O I know the way you can get
If you have not been drinking Love:

You might rip apart
Every sentence your friends and teachers say,
Looking for hidden clauses.

You might weigh every word on a scale
Like a dead fish.

You might pull out a ruler to measure
From every angle in your darkness
The beautiful dimensions of a heart you once
Trusted.

I know the way you can get
If you have not had a drink from Love's
Hands.

That is why all the Great Ones speak of
The vital need
To keep remembering God,
So you will come to know and see Him
As being so Playful
And Wanting,
Just Wanting to help.

That is why Hafiz says:
Bring your cup near me.
For all I care about
Is quenching your thirst for freedom!

All a Sane man can ever care about
Is giving Love!

 

Rosh Hashanah - Belle Fox-Martin, U.C.C. Licensed minister
for L.J.F.

The drapes hung heavy
from  the corner of the ceiling
fluting down onto the floor
-  a small tide suspended  in time -
Their  pitchy velvet hazed with age,
keeps  secrets, remembered and forgotten
in its folds, keeps chards of music,
chatter, longing  days and passionate nights.
Keeps cherished lies and wordless prayers,
keeps the downbeats of hearts,
Keeps laughter, lost blessings, desires and defeat.
The book is open. This is my offering,
what I can bring, what I know and can’t  remember,
The all of the irreconcilable me,
not the ‘to be better/  do better’  me. 
Just the one and only  ‘love better’  me.
The window is opened. I wait for the swell
of Your wind to meet  my weave and webbing,
my essence and grain. I wait for the drapes to stir. 

 

Tired of Speaking Sweetly - From The Gift, Trans. Daniel Ladinsky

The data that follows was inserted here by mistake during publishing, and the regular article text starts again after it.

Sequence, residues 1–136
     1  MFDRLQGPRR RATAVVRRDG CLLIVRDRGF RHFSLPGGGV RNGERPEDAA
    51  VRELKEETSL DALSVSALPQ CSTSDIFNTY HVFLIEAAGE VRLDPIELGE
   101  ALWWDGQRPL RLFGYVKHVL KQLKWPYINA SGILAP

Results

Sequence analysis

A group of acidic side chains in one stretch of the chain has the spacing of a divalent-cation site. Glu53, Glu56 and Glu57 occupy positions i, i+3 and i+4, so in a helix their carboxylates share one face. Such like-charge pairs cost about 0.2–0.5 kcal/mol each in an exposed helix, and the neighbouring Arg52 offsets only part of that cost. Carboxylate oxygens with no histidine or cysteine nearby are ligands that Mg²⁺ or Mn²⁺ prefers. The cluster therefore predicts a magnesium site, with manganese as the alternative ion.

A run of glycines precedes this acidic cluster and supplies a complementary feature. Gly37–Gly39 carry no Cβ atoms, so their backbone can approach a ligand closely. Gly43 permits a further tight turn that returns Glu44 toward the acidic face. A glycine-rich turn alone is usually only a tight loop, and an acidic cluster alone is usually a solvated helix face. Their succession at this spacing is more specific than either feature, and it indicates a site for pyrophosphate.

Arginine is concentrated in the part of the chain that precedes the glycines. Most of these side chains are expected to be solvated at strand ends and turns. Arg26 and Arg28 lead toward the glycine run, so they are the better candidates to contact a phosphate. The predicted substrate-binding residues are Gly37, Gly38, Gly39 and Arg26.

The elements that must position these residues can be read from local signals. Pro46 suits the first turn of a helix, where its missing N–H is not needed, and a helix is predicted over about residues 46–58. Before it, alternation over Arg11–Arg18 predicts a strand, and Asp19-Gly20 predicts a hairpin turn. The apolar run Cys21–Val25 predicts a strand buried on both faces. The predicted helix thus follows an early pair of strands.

Love wants to reach out and manhandle us,
Break all our teacup talk of God.

If you had the courage and
Could give the Beloved His choice, some nights,
He would just drag you around the room
By your hair,
Ripping from your grip all those toys in the world
That bring you no joy.

Love sometimes gets tired of speaking sweetly
And wants to rip to shreds
All your erroneous notions of truth

That make you fight within yourself, dear one,
And with others,

Causing the world to weep
On too many fine days.

God wants to manhandle us,
Lock us inside of a tiny room with Himself
And practice His dropkick.

The Beloved sometimes wants
To do us a great favor:

Hold us upside down
And shake all the nonsense out.

But when we hear
He is in such a "playful drunken mood"
Most everyone I know
Quickly packs their bags and hightails it
Out of town.

The Metered Life - Stuart Kestenbaum, House of Thanksgiving

The moment you slide into the back seat of the taxi
you know life is measured, the dollars

on the meter already, and then every quarter mile,
half mile, every extended wait bumper-to-bumper

adding to the fare. You can look at the driver’s
registration, his photo, learn what your rights are,

look at Manhattan blur on either side, but
your eyes are fixed on the red numbers,

the bill you’re running up. Other parts
of your life, you never see the cost as